Descended from the Mastiffs of ancient Rome, the Greater Swiss Mountain Dog is a dog of majesty and dignity. His history, however, is not a royal one. He has quietly made his reputation by centuries of hard work for the farmers and villagers of the Swiss Alps.
The "Swissie" was used mainly as a cattle-driving dog, and was the most common dog in the Alps until the late 1800s. Swissie owners allowed their dogs to interbreed with dogs belonging to friends and neighbors. The working ability of the dogs, and not their appearance, was the only breeding consideration. Rottweilers and Saint Bernards were likely part of some of these interbreedings.
The Swissie has a thick neck, broad chest, and muscular thighs. It is a sturdy, full-bodied and alert dog, never clumsy. As a member of a family, he is gentle and calm, loving and obedient.
The Swissie's coat is always short, but his markings are like the Bernese Mountain Dog's--mostly black, with white on the chest, face, tail, and feet. His thick, double coat requires once- or twice-weekly brushing. Nose is always black; eyes are never blue.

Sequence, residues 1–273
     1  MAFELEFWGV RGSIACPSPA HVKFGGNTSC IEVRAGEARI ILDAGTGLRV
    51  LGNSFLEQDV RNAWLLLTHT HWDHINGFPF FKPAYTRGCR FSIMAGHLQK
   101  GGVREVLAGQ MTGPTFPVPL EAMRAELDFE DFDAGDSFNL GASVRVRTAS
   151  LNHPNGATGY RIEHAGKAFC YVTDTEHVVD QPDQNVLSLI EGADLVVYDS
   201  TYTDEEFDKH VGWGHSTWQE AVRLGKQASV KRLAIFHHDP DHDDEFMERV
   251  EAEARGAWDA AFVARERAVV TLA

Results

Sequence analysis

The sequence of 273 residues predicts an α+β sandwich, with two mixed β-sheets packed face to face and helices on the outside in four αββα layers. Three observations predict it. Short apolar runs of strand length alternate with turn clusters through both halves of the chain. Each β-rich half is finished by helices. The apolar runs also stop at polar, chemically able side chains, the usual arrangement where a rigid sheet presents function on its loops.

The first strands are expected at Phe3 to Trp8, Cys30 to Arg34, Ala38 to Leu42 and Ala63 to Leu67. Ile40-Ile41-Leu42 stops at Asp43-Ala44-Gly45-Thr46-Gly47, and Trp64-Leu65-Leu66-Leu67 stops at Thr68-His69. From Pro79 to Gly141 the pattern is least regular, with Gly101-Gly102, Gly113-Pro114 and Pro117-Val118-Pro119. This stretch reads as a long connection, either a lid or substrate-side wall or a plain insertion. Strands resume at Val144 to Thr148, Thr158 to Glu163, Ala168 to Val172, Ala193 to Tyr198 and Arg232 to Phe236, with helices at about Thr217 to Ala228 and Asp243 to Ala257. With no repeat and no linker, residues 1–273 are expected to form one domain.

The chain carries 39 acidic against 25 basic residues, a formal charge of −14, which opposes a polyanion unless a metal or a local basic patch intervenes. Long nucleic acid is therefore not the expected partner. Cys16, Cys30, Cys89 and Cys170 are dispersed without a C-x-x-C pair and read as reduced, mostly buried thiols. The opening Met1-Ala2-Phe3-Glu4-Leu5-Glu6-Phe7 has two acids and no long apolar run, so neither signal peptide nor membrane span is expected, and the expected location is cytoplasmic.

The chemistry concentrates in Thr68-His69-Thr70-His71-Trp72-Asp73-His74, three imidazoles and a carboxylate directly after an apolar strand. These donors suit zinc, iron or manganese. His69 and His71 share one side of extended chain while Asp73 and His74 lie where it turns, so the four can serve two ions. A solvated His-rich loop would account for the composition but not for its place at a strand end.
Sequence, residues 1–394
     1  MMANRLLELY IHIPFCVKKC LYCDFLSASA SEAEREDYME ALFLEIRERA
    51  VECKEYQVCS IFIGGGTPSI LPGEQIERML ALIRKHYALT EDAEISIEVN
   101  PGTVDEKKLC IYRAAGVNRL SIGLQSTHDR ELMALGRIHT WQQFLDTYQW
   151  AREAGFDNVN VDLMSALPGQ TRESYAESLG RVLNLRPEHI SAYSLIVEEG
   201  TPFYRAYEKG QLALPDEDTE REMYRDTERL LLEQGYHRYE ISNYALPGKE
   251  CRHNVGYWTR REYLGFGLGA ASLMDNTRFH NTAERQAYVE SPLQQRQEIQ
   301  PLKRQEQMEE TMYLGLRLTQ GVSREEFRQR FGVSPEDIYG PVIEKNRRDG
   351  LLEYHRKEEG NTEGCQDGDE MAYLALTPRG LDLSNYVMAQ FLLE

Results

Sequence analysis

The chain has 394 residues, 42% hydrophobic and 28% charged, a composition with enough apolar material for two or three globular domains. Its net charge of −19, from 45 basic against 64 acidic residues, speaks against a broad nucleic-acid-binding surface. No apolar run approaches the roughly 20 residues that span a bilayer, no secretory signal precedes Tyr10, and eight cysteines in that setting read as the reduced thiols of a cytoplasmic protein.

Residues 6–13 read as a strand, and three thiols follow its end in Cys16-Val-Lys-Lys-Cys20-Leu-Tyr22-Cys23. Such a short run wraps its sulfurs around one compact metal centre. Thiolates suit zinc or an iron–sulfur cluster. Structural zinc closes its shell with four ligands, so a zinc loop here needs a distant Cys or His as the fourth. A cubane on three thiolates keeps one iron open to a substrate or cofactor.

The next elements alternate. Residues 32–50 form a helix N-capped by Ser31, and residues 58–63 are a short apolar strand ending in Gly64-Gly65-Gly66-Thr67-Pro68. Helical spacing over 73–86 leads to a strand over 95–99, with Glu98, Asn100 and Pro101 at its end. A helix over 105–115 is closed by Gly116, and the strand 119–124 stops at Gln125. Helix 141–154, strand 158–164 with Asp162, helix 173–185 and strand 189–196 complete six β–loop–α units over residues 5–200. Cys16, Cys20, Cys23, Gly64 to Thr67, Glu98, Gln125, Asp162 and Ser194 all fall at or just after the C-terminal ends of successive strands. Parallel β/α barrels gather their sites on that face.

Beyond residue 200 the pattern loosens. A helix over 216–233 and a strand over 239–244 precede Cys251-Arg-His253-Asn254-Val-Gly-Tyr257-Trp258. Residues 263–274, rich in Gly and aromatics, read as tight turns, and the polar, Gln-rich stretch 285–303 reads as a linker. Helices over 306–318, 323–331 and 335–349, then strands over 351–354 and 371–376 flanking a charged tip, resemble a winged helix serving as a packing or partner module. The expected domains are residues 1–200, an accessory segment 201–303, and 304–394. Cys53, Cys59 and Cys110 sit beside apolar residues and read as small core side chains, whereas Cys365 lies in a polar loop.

Excerpts from the standard
General Appearance: striking, tri-colored, large, powerful dog; sturdy enough
to pull loads.
Size, Proportion, and Substance: Height--males, 25 1/2 to 28 1/2 inches at the withers; females, 23 1/2 to 27 inches.
The Greater Swiss Mountain Dog was not considered a specific breed until the early 1900s. In 1908, two Swissies were entered in a dog show as "short-haired Bernese Mountain Dogs." The judge declared that the dogs should be a separate and distinct breed, which he named the Grosser Schweizer Sennenhund, or Greater Swiss Moun-tain Dog. The first Swissies came into the United States in 1968. But the breed is still small in numbers, even in Switzerland. The Greater Swiss Mountain Dog is the largest and probably oldest of the Swiss mountain cattle-driving dogs.
Excerpted from The Complete Dog Book For Kids © 1996, John Wiley & Sons, Inc.